1.       The New Radiology Department
2.       Bob Russell Retires
3.       The Stretton Dynasty
4.       The Bewdley Practice 1952 - 92
5.       Malcolm Elliott Retires

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On the 25th November 1992, Dr. Malcolm Elliott, recently retired consultant radiologist returned to perform the opening ceremony for the newly extended radiology department at Kidderminster General Hospital , Bewdley Road .

The new patient facilities include an additional general radiography room equipped with new equipment; a two bed 'recovery area' for patients who have had sedation or who are having prolonged procedures ( e.g. barium follow through); a new improved ultrasound room and new changing cubicles, waiting areas and toilets including facilities purpose designed for the disabled. The department now also has, for the first time, individual consultant offices and a new reception/film sorting/secretarial area.

These facilities will enable the Bewdley Road department to take on the work currently done at Mill Street when that closes. In the interim, there is spare physical space at Bewdley Road, and if purchasers wish to fund extra work we are ready and willing to oblige (proposals have been sent to all GP practices and DHA purchasers). We are very keen to increase access to CT scanning and MRI for Kidderminster patients. Within the next 5 years we feel an on site CT scanner is essential and we have identified space in the department. We need the support of purchasers for this and your comments and ideas are invited.

Umesh Udeshi

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Bob Russell Retires

Villagers bade a fond farewell to GP Dr. Bob Russell, who retired from his Chaddesley Corbett practice after 19 years.More than 200 residents met at Winterfold House School to say goodbye to their village doctor.As a parting gift they have raised 2000 to pay for a minoroperations room to be built at the village surgery.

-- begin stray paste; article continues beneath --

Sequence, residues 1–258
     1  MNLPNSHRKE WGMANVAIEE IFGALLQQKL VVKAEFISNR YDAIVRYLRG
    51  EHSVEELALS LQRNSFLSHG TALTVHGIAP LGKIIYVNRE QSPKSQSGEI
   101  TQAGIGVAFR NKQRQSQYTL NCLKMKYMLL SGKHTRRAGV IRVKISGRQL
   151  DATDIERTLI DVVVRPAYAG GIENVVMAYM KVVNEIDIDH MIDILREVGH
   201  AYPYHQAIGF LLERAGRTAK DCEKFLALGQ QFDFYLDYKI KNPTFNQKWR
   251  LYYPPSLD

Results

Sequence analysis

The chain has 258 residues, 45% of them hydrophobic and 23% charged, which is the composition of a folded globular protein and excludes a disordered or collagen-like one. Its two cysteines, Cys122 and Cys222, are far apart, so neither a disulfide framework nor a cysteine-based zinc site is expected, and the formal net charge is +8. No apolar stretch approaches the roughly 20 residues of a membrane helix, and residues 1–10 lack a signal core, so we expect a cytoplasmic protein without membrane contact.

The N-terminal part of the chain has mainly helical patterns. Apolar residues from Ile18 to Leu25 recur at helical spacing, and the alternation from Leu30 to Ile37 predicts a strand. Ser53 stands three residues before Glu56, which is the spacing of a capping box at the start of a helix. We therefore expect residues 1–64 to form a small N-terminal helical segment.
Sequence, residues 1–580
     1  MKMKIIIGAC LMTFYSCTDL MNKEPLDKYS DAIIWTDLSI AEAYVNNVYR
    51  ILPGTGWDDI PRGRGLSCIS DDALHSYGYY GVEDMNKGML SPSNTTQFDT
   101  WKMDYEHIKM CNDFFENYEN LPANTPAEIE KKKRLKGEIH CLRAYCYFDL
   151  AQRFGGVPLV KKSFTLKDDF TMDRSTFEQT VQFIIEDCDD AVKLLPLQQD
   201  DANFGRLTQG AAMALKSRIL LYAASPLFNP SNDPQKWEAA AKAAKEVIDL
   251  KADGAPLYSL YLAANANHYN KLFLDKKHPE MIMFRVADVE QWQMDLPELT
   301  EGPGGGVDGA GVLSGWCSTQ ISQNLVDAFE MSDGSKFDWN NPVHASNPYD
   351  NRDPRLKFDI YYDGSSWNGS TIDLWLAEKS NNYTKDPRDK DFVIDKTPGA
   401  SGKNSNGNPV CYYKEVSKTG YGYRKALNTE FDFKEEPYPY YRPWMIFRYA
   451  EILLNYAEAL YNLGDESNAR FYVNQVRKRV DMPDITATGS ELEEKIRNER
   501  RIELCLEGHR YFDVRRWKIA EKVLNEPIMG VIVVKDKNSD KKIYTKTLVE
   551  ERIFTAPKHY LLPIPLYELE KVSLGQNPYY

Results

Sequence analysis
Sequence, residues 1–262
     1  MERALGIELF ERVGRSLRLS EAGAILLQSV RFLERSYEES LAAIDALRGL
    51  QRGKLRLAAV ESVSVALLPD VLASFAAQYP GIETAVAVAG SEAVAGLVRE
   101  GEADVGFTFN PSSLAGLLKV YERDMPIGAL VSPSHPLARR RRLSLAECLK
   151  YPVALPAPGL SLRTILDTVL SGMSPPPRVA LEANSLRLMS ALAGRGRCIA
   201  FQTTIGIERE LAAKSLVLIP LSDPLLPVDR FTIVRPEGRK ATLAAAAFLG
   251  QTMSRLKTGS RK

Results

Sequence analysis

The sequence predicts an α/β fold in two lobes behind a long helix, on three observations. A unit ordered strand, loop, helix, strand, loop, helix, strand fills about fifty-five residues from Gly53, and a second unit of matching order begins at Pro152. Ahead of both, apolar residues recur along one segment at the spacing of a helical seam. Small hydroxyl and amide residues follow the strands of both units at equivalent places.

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In these times of change, it may be reassuring to reflect on the history of Medicine in Kidderminster . The sharp eyed amongst you will have noticed a new arrival in the foyer of the Post Graduate medical centre; the bust to which I refer is that of Samuel Stretton, the first of three generations of Strettons who worked as surgeons in Kidderminster .

The Crimean war produced huge improvements in the survival of war casualties. Florence Nightingale established a base hospital as Scutari (now Uskudar), on the Asian side of the Bosphorus, and with a handful of nurses and minimal equipment, reduced the mortality rate amongst wounded and sick soldiers from 42 per hundred to 22 per thousand!

Samuel Stretton served as a surgeon on the Crimean war and would have been greatly I influenced by these nursing advances. After the treaty of Paris in 1856 he settled in I Kidderminster as a consulting surgeon and partner to Dr.E.H. Addenbrooke in Mill Street .' He was chief surgeon for many years and was closely involved with the construction of Mill Street Infirmary which was completed in 1870 at a cost of 10,000. There is, of course, a Samuel Stretton ward at Mill Street to this day. The bust was carved in 1873, (date on back) when he was 42 years old.

Samuel Stretton and his eldest son, John Lionel Stretton, were founder members of the Kidderminster and District Medical Society. Samuel served as the inaugural president from 1893 to 1894. (He was succeeded by Dr. David Corbett) John Lionel Stretton was a fellow student of W.G. Grace at Bart's and joined his father's practice in 1882 at the age of 22. He discovered a method of skin sterilisation using Iodine which was published in the BMJ. He remained an honorary surgeon until 1938 and Honorary Consulting Surgeon until his death in 1943. He also served as a Justice of the Peace for many years.

John Weston Stretton, son of John Lionel Stretton, was born in 1888, educated at Malvern, Cambridge and Bart's and duly joined his father as Honorary Surgeon to Kidderminster and District. He was also Honorary Surgeon to the Guest Hospital , Dudley . He died during a nurses' prize giving ceremony in 1953 ending a medical dynasty spanning nearly a century.

Samuel Stretton (1831 - 1920)

John Lionel Stretton (1860 - 1943)

John Weston Stretton (1888 - 1953)


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1952 1992